Detection of single photons via quantum entanglement

Detection of single photons via quantum entanglement

As a ‘quantum pendulum’ the ions swing in both directions at the same time. (Illustration: IQOQI/Knabl)

As a ‘quantum pendulum’ the ions swing in both directions at the same time. (Illustration: IQOQI/Knabl)

A team of quantum physicists in Innsbruck led by Christian Roos and Cornelius Hempel have realised an extremely sensitive method for the spectroscopy of atomic and molecular atoms. This technique can be used to closely study a number of particles. The scientists have published their findings in the journal Nature Photonics.

Almost 200 years ago, Bavarian physicist Joseph von Fraunhofer discovered dark lines in the sun’s spectrum. It was later discovered that these spectral lines can be used to infer the chemical composition and temperature of the sun’s atmosphere. Today we are able to gain information about diverse objects through light measurements in a similar way. Because often very little light needs to be detected for this, physicists are looking for ever more sensitive spectroscopy methods. In extreme cases, also single particles of light (photons) need to be measured reliably, which is technically challenging.
Thus, physicists at the Institute for Quantum Optics and Quantum Information (IQOQI) at the Austrian Academy of Sciences and the Institute for Experimental Physics of the University of Innsbruck take a detour via the technique of quantum logic spectroscopy. It was developed some years ago by the group of Nobel laureate David Wineland to build extremely precise atomic clocks. This is one of the first practical applications of quantum information processing and, in the next few years, may lead to a redefinition of the second in the international system of units.
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Measurement via entanglement

Christian Roos’ and Cornelius Hempel’s team of physicists in Innsbruck isolated single ions in an ion trap to study them under controlled conditions. “We do not try to detect the photon that is emitted or absorbed by an ion, but rather the momentum kick the ion receives upon absorption or emission,” explains Cornelius Hempel. “While this effect is extremely small, we can detect it by means of quantum physics.” The physicists use an additional ‘logic’ ion, on which the measurement is performed. “This calcium ion (40Ca+) can be controlled very well in the experiment,” says Hempel. As spectroscopy ion the researchers use another isotope of calcium (44Ca+).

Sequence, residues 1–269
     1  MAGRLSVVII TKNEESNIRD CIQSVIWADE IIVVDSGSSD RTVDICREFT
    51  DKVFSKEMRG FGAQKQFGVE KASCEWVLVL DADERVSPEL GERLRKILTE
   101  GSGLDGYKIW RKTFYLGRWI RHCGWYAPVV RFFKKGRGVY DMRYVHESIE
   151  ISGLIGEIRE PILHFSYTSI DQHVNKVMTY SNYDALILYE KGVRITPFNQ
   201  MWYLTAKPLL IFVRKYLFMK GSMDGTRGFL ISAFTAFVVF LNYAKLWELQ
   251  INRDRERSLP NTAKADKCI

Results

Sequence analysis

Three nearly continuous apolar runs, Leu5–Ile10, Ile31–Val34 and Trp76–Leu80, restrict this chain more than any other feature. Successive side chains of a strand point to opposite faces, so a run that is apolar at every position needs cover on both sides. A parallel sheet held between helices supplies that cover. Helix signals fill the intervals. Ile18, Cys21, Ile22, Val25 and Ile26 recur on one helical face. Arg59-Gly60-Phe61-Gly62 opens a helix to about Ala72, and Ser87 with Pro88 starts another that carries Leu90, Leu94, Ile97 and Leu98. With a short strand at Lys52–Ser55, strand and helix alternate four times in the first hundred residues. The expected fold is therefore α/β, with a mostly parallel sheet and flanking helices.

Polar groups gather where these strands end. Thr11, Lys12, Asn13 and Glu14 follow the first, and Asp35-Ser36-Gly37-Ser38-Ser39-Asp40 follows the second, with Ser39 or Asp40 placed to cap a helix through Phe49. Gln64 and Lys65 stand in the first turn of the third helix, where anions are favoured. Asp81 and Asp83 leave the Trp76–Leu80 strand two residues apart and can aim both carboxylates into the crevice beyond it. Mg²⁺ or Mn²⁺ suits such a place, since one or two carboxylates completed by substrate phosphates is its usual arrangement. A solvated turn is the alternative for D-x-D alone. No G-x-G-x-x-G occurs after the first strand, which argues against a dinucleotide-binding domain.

In the experiment a laser pulse excites the particles and entangles the electronic state of the logic ion with the vibration of the particles. “In this configuration, also called Schrödinger cat state, the ions swing like a classical pendulum in a trap. But as a ‘quantum pendulum’ they swing in both directions at the same time,” describes Hempel the central part of the experiment. “We then excite the ion we want to investigate by applying different laser frequencies. At a certain frequency the ion emits a single photon and receives a minimal momentum kick, which causes the vibrational components to be slightly displaced. This can be observed through the electronic state of the logic ion. Combined with this information, the frequency of the laser then allows us to gain information about the internal state of the spectroscopy ion.” In the current experiment the scientists detected single photons with a probability of 12 %. “We, thus, prove that this technique works in principal. With a technically optimized set-up we will be able to considerably increase the sensitivity,” say Roos and Hempel confidently.

Universal application

“By using the exotic concept of quantum mechanical entanglement we are able to gain practical knowledge about single particles,” says Christian Roos excitedly. “Since our method of measurement does not depend that much on the wave length of the detected photon, it may be used for various purposes,” adds Cornelius Hempel. For example, energy levels of different atoms and molecules could be investigated by using this technique. Because it is difficult to control molecules in an experiment, this method is an enormous progress for studying more complex structures.

This research, carried out at the Institute for Quantum Optics and Quantum Information of the Austrian Academy of Sciences and at the Institute for Experimental Physics at Innsbruck University, was supported by the European Union.

Links:
Entanglement-enhanced detection of single-photon scattering events. C. Hempel, B. P. Lanyon, P. Jurcevic, R. Gerritsma, R. Blatt, C. F. Roos. Advance online publication. Nature Photonics 2013
Quantum Optics and Spectroscopy

Editors note: Original article can be found here.
Credit: University of Innsbruck

The Riddle of Anti-Matter

The Riddle of Anti-Matter